Conservation and collections care in museums are deeply affected by pressures to provide greater access to heritage objects for people now, but at the same time to make sure that objects survive for future users. This highlights a paradox which could be called conservation's "Catch 22"
- Access to heritage objects brings social benefit
- Greater access brings greater social benefit
- Greater access brings greater damage
- Greater damage brings reduced social benefit
The aims of the AHRC/EPSRC research cluster established in 2009 to investigate this subject area were to
- explore the nature of the paradox that increasing access may ultimately reduce access;
- understand both conceptual and practical risks and benefits of providing increased access to objects
- evaluate the effects on current collections-care policies and practice
- provide a platform for future research
The core activities consisted of three workshops (in March, April and June 2009) a conference (in September 2009) and a blog.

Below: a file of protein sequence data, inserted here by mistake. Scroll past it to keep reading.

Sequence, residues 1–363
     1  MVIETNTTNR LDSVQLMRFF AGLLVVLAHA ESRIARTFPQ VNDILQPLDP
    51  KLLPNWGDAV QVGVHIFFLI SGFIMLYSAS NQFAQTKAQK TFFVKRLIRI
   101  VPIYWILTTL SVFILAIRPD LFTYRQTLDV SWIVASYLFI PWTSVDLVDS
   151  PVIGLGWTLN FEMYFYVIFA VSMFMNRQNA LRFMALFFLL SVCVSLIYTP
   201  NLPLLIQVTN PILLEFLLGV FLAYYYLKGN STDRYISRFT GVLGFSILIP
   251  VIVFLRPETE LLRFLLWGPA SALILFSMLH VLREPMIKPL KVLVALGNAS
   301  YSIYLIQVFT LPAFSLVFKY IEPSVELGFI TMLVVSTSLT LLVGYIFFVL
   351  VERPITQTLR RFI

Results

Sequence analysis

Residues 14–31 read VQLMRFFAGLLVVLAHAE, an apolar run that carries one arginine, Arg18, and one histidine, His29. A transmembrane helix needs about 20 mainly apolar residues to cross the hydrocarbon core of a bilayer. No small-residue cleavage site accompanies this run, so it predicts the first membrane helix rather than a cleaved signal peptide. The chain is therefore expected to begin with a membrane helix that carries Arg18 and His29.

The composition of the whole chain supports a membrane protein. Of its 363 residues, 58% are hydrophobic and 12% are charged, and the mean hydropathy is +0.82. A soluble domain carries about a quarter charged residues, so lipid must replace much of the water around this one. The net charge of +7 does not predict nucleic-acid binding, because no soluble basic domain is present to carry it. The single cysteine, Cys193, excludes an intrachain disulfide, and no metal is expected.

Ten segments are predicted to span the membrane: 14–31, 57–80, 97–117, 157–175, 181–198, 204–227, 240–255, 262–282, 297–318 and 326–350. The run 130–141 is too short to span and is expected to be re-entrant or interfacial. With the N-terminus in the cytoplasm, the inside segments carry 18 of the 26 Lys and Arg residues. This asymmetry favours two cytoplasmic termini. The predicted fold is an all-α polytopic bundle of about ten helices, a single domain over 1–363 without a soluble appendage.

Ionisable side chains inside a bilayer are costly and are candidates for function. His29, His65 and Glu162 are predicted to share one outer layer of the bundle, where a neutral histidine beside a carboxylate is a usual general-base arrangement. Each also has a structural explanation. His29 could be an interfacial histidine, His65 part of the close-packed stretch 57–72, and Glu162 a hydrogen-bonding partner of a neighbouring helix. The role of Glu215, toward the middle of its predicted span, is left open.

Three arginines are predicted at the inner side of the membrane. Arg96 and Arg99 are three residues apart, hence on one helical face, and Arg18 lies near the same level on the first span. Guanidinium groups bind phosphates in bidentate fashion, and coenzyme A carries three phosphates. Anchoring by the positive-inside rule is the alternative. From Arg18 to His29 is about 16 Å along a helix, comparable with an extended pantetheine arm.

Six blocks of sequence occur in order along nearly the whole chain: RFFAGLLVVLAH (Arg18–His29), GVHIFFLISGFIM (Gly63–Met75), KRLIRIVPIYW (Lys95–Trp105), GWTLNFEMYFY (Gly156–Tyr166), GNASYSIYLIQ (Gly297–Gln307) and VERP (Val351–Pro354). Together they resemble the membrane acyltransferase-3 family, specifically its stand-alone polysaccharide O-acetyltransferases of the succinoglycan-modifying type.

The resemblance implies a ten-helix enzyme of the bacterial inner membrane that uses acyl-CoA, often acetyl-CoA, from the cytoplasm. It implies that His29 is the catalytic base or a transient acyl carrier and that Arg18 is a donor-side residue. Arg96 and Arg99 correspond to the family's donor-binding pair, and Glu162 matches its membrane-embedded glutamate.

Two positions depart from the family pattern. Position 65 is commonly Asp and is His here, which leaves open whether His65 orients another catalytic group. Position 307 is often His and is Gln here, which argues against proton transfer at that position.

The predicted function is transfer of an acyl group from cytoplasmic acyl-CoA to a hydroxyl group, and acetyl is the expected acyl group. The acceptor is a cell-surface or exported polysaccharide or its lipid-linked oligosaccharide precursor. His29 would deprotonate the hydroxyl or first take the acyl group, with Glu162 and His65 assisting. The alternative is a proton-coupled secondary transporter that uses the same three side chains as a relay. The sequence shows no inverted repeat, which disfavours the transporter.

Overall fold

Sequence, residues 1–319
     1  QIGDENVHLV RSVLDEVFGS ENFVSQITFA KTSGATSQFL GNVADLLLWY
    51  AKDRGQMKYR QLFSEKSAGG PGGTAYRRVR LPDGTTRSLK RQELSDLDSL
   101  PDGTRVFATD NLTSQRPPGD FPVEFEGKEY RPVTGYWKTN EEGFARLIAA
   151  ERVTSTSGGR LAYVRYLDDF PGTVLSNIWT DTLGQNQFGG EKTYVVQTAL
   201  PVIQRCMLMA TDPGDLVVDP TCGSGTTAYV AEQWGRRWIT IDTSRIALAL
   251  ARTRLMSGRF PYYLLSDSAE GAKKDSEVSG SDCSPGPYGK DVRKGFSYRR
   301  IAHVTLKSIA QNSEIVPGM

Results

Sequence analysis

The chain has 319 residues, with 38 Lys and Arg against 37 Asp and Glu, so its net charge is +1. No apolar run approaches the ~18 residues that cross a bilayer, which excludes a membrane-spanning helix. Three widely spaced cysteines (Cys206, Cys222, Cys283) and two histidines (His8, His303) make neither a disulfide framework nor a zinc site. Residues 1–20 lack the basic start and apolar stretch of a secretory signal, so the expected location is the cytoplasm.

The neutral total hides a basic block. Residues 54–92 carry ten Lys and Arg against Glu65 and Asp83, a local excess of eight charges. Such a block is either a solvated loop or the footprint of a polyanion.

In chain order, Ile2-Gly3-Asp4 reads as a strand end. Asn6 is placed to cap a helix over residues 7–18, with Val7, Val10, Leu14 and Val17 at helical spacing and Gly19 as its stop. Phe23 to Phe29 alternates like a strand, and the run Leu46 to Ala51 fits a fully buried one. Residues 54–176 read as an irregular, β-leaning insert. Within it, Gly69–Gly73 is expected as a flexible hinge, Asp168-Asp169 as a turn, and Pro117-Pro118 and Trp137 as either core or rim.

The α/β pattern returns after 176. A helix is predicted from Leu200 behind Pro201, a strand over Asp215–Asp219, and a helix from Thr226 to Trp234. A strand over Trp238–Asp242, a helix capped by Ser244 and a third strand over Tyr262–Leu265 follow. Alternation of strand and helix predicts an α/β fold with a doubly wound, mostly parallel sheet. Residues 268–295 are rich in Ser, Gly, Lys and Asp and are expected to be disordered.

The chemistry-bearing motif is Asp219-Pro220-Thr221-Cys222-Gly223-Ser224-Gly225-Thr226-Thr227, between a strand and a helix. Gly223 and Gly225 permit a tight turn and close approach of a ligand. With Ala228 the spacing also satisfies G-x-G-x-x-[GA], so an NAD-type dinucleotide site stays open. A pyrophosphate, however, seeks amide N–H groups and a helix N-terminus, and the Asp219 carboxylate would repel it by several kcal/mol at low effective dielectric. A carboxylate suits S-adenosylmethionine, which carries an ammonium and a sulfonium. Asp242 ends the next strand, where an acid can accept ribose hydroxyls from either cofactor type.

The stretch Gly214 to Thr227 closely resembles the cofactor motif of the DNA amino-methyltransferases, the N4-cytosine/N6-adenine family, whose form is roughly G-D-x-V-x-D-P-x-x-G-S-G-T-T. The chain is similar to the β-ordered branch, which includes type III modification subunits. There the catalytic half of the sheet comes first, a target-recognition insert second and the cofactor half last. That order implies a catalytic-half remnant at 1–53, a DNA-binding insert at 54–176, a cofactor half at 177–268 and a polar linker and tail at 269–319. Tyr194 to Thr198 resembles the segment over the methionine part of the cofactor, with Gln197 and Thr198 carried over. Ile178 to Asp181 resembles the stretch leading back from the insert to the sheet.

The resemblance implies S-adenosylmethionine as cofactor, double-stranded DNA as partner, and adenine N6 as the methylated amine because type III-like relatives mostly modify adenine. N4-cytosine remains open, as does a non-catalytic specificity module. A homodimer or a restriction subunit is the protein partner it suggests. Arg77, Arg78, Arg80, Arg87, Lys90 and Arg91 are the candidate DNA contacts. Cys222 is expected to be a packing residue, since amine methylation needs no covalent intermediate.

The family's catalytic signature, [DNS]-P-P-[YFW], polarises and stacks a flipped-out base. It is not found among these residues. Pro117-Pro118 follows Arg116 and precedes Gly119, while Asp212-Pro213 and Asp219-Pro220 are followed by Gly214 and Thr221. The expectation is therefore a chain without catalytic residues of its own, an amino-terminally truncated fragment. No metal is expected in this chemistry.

These events, and the blog, involved specialists in conservation, museums, cultural heritage, materials science, engineering, anthropology, haptics and virtual technology. All events were hosted by UCL Institute of Archaeology.
- The activities of the research cluster generated widespread debate and brought together communities, from both inside and outside academia, who do not often gather in one room (specialists in conservation, museums, libraries, cultural heritage, anthropology, materials science, engineering, haptics and digital imaging, and many students). The debate has shown how important this topic is and how wide the interest and concern. An important outcome is that the cluster has generated a network of professionals who we hope will contribute to further research.
- Workshop and conference materials are available on the project website. For the duration of the project an RSS feed and JISCmail mailing list were available as well as the project blog.
- AHRC/EPSRC Science and Heritage Programme